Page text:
Still the most unforgettable aspect of the collaboration was the seized opportunity by the four partners in the first place. The multi-dimensional partnership provided a platform for a collaboration that resulted in an exceptional experience. With subtlety and sophistication, it promoted an enlightening and stimulating program that spoke highly and widely of all four partners involved and to everyone who joined in.

In our next post we’ll offer a couple of crucial lessons on designing trade show booths that spark our imaginations. See you then.

the Joey and Toby Tanenbaum Opera Centre, TORONTO, CANADA
the Joey and Toby Tanenbaum Opera Centre, TORONTO, CANADA
THE MAIN ENTRANCE TO the Joey and Toby Tanenbaum Opera Centre, TORONTO, CANADA
THE MAIN ENTRANCE TO the Joey and Toby Tanenbaum Opera Centre, TORONTO, CANADA
Dean Baldwin’S THE HOARD (close up)
Dean Baldwin’S THE HOARD

01/
12/
15

Oh Xmas Tree, How Lovely Is Your Branding

When Kelvin Browne, the Executive Director and CEO of Gardiner Museum in Toronto, decided to ask artists and designers to reimagine the Christmas tree, giving them carte blanche and asking them to come back with nothing less than exceptional and unexpected, he wasn’t merely being adventurous; he was being strategic. His vision was not only to create an exhibit worthy of word-of-mouth discussion, but also to expand Canada’s National Ceramics Museum’s reach by encouraging its target to see them differently. Breaking from 26 years of the Gardiner’s traditional approach to Christmas exhibitions was a bold move that brought not only holiday joy, but also a few lessons for other brands to take away.

By selecting Dee Dee Eustace, an architect and interior designer as the curator of the exhibit – not a ceramics expert as one might expect from the Gardiner – and by giving the artists and designers the mandate of “exceptional”, Browne gave all involved the confidence and encouragement to push the limits of their imaginations. Had Browne chosen a more expected curator and chosen to be more ‘evolutionary’ in the exhibit’s approach, the end result would have been quite different: less inventive, less unusual, less fascinating and mostly, less talked about.

Subtitled ‘The Joy of Creativity’, the exhibit’s joys turned out to be truly multifold. Torontonians were more than ready to break free from the conventional glitter of Christmas towards a more unexpected and sophisticated contemporary art experience – one they might not have expected from a museum devoted to ceramics. Audiences, it seems, benefited from the Gardiner’s cultural shift as much as the museum did.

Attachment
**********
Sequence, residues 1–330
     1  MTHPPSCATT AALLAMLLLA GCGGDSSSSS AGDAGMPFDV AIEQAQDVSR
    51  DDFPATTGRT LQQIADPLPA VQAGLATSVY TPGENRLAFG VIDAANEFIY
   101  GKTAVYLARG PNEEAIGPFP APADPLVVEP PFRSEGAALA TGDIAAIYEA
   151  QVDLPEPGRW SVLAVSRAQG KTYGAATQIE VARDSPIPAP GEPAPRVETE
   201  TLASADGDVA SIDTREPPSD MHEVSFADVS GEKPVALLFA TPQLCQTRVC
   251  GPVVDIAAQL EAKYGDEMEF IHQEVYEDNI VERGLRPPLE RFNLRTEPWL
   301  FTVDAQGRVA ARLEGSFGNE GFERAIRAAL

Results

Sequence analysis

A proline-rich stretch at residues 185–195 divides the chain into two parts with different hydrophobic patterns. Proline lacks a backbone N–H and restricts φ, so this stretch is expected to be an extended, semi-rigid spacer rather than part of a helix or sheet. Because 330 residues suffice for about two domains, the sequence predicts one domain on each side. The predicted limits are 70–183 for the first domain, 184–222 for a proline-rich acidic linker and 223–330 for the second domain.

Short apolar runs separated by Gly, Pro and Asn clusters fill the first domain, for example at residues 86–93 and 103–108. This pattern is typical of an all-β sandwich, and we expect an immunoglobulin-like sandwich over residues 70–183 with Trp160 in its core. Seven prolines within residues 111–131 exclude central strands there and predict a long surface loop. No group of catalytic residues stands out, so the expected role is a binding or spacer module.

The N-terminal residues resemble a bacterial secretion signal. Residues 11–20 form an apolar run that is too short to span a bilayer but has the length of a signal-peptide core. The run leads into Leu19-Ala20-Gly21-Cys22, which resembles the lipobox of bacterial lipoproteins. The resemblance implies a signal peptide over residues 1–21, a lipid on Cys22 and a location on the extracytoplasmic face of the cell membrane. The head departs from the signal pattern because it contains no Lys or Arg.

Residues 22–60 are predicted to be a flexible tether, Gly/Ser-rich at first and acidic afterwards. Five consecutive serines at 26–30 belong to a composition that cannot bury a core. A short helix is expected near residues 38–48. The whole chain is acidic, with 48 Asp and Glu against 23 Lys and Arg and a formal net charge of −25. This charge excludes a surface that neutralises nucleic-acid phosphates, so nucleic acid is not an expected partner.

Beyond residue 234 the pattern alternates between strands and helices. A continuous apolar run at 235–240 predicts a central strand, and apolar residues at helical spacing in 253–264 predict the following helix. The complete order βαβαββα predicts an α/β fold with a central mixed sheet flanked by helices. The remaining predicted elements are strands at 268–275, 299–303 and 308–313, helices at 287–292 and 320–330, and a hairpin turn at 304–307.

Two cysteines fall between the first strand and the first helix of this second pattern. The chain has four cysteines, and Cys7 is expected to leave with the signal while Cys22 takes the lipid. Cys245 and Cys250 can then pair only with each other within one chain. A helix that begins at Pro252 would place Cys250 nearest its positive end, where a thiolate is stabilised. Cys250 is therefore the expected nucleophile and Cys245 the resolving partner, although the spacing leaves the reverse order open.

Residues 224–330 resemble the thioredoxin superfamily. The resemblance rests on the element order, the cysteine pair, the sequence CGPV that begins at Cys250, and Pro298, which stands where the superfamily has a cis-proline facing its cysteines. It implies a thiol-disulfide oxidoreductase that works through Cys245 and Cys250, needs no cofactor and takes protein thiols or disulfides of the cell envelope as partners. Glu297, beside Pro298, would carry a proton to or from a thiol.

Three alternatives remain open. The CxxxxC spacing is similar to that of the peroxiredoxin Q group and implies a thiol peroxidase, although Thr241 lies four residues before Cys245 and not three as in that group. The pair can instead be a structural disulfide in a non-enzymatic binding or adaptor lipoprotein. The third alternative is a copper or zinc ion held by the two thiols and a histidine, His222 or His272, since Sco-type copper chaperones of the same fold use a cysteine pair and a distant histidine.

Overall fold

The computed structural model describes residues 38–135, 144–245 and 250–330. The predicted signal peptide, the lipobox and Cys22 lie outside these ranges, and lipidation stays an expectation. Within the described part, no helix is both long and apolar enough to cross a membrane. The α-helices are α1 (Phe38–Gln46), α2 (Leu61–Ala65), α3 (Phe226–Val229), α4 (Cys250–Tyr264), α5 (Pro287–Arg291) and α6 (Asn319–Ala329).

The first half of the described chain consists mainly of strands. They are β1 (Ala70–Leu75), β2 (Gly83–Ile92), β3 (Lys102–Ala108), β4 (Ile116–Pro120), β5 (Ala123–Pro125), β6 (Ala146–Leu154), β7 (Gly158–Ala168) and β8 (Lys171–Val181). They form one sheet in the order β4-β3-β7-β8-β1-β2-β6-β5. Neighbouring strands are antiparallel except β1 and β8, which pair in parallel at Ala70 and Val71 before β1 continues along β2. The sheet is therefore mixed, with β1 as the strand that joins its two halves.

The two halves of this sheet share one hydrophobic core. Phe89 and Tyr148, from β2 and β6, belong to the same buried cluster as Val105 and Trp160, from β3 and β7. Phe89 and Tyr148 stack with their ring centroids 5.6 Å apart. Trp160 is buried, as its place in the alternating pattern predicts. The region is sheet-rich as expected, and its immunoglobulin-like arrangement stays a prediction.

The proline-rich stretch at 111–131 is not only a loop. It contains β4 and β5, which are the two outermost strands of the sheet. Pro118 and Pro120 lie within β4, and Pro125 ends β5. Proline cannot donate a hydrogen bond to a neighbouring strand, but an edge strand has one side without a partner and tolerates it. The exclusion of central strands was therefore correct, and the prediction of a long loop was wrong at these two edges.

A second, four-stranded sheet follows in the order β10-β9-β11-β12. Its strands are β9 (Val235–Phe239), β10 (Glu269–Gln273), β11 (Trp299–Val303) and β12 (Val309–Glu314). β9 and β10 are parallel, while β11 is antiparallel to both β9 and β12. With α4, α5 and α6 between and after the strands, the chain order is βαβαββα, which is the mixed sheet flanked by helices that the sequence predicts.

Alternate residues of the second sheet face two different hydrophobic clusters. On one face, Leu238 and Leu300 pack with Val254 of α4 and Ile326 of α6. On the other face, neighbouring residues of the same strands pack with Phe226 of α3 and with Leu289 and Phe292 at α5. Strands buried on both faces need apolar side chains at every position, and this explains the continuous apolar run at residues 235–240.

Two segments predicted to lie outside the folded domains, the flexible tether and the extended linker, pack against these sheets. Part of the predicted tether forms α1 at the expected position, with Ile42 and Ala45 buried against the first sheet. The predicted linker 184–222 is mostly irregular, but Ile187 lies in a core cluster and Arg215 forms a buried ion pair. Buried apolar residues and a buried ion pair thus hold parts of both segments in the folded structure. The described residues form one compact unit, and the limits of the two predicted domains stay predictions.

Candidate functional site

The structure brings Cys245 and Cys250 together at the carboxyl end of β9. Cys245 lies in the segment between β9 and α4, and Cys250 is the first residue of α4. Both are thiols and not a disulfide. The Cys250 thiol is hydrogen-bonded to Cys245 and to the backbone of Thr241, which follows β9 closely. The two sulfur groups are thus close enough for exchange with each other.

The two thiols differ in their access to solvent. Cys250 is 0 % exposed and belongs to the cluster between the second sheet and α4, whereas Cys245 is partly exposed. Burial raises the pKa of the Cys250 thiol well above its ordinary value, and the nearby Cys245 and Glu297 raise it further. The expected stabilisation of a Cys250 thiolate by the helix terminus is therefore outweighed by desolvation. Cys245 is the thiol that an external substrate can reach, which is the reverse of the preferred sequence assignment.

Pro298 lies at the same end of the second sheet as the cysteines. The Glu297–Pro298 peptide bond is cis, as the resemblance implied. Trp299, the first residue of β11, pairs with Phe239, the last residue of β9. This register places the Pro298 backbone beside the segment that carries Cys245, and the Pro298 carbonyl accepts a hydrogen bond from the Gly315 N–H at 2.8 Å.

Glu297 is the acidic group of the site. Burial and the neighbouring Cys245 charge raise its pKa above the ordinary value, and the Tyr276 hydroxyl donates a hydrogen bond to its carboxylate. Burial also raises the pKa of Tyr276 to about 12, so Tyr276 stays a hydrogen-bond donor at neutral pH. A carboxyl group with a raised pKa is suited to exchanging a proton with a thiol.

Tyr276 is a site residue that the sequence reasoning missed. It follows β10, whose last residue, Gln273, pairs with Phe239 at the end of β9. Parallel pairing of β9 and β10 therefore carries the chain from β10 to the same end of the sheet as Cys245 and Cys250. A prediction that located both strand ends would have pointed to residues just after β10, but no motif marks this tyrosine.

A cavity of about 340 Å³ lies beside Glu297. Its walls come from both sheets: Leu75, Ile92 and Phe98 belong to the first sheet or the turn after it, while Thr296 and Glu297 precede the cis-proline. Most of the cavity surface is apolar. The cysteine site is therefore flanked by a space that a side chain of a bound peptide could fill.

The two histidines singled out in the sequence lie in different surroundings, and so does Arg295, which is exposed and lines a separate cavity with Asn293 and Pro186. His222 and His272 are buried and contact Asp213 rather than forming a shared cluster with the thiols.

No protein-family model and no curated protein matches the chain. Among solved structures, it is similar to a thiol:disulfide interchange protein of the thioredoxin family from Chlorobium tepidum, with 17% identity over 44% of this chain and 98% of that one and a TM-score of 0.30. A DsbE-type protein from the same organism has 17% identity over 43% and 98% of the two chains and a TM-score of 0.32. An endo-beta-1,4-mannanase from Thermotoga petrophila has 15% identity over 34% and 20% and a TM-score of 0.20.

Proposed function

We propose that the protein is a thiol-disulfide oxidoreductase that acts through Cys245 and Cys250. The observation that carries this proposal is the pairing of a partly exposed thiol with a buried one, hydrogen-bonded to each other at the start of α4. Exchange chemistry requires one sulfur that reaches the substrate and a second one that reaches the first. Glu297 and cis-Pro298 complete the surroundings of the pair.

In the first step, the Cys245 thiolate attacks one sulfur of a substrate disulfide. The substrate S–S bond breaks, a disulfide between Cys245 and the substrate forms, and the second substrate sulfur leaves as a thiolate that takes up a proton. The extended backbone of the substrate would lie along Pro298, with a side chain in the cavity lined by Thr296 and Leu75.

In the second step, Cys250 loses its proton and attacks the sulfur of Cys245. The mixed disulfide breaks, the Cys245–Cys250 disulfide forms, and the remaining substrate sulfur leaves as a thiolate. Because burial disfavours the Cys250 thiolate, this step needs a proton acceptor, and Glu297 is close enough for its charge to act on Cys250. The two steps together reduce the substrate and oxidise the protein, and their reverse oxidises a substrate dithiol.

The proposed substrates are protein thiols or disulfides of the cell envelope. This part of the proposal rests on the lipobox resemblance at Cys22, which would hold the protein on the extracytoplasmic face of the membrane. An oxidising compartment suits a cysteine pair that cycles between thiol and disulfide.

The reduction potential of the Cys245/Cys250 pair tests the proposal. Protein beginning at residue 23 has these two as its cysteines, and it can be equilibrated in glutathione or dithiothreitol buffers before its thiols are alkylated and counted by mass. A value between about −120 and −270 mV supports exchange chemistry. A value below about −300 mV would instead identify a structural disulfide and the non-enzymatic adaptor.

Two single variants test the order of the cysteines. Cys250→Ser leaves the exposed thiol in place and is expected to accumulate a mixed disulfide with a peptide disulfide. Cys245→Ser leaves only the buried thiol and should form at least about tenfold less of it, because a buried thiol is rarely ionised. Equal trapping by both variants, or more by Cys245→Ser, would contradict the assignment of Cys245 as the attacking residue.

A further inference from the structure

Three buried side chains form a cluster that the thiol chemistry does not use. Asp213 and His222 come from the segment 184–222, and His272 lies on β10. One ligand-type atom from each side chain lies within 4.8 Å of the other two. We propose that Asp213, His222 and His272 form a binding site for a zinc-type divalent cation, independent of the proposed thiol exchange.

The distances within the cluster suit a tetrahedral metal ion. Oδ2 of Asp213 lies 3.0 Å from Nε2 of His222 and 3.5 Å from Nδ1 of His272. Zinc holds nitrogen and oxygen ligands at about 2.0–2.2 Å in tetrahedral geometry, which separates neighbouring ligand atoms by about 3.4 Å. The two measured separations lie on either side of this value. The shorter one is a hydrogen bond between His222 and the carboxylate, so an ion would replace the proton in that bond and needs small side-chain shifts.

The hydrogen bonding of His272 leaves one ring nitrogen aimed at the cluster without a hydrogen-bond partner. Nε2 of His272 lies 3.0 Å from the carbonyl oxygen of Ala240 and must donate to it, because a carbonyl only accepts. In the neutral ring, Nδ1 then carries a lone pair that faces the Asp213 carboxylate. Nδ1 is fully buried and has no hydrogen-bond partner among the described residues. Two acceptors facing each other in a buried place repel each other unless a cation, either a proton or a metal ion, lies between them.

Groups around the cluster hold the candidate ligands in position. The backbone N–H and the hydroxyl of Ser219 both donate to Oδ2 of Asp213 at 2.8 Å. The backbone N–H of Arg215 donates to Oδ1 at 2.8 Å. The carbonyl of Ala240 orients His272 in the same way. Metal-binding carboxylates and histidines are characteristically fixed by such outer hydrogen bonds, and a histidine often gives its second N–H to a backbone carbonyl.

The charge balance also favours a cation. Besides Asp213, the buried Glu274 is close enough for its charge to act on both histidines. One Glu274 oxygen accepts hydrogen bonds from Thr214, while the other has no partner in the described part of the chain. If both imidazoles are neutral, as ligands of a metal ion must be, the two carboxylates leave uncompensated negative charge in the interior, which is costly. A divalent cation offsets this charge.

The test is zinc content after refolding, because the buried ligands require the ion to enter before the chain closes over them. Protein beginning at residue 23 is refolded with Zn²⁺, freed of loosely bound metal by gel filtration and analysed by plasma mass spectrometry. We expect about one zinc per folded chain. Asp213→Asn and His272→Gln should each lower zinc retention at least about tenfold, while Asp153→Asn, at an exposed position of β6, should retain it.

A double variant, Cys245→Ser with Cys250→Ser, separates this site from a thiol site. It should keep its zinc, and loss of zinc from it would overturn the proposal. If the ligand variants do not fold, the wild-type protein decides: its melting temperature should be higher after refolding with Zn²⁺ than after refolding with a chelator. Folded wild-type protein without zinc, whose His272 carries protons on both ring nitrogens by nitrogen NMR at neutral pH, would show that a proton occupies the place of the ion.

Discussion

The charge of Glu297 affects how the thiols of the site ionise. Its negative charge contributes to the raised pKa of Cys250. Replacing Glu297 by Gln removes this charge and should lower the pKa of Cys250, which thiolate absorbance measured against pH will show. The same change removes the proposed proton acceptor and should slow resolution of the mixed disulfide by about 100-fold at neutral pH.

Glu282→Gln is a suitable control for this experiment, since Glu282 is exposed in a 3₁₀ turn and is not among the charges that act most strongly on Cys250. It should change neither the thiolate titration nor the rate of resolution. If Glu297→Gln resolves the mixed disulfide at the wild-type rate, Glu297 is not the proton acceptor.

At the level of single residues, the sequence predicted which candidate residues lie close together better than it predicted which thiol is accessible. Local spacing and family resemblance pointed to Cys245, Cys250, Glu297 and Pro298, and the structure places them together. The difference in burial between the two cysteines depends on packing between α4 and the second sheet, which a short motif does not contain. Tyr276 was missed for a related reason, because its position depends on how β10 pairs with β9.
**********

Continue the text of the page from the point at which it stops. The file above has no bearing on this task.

In addition, each of the twelve trees was sponsored by a major corporation. The proceeds from the Gala Party, featuring a silent auction and raffle, will go towards Gardiner’s education and outreach programs. The museum also encouraged local retailers to be more inventive with their own holiday traditions with its Joy of Creativity tree inspired displays and a #SpreadtheJoyTO window signage.

All in all, the Gardiner Museum’s 12 Trees of Christmas exhibit offered an encouraging perspective that helped to open the Gardiner’s doors and visitors’ hearts another notch wider. With the popularity and success of the exhibition, it would be great to see other Canadian brands getting inspired and breaking away from their own branding traditions. Torontonians seem to be more than ready.

In our next post we’ll explore space, the new art-fusion frontier. See you in 2016.

GARDINER MUSEUM, TORONTO, CANADA
GARDINER MUSEUM, TORONTO, CANADA
JUSTIN BROADBENT: LIT/TIL
MICHAEL ADAMSON: FOUND HOLIDAYS
JENNIFER CARTER: FLANEUR FOREVER
JANE WATEROUS: THE JOY OF GATHERINGS

03/
11/
15

Branding Lessons from the Venice Art Biennale

Venice Art Biennale, the internationally renowned, biannual art event that takes over Venice, Italy from May to November is not only of great social, cultural and political stature, it’s also a powerful marketing platform – for countries. It’s a place where Canada for instance, can be seen as a global brand and visitors can be made into global brand ambassadors. Perhaps the oldest and most prestigious contemporary art fair in the world has something to teach us about branding as well as art.

Each country participating in the Venice Art Biennale, selects its finest contemporary artist to represent the country in originality, innovation and relevance on the global art scene. It’s a task with many parallels to marketing that will seem familiar to brand managers of all kinds; the task of making a country or brand as desirable and irresistible as possible. Still, despite the Biennale delivering many stimulating experiences and plenty of valuable lessons on creative strategy, it has yet to become a destination for companies to send brand managers to glean what art professionals have been doing for years.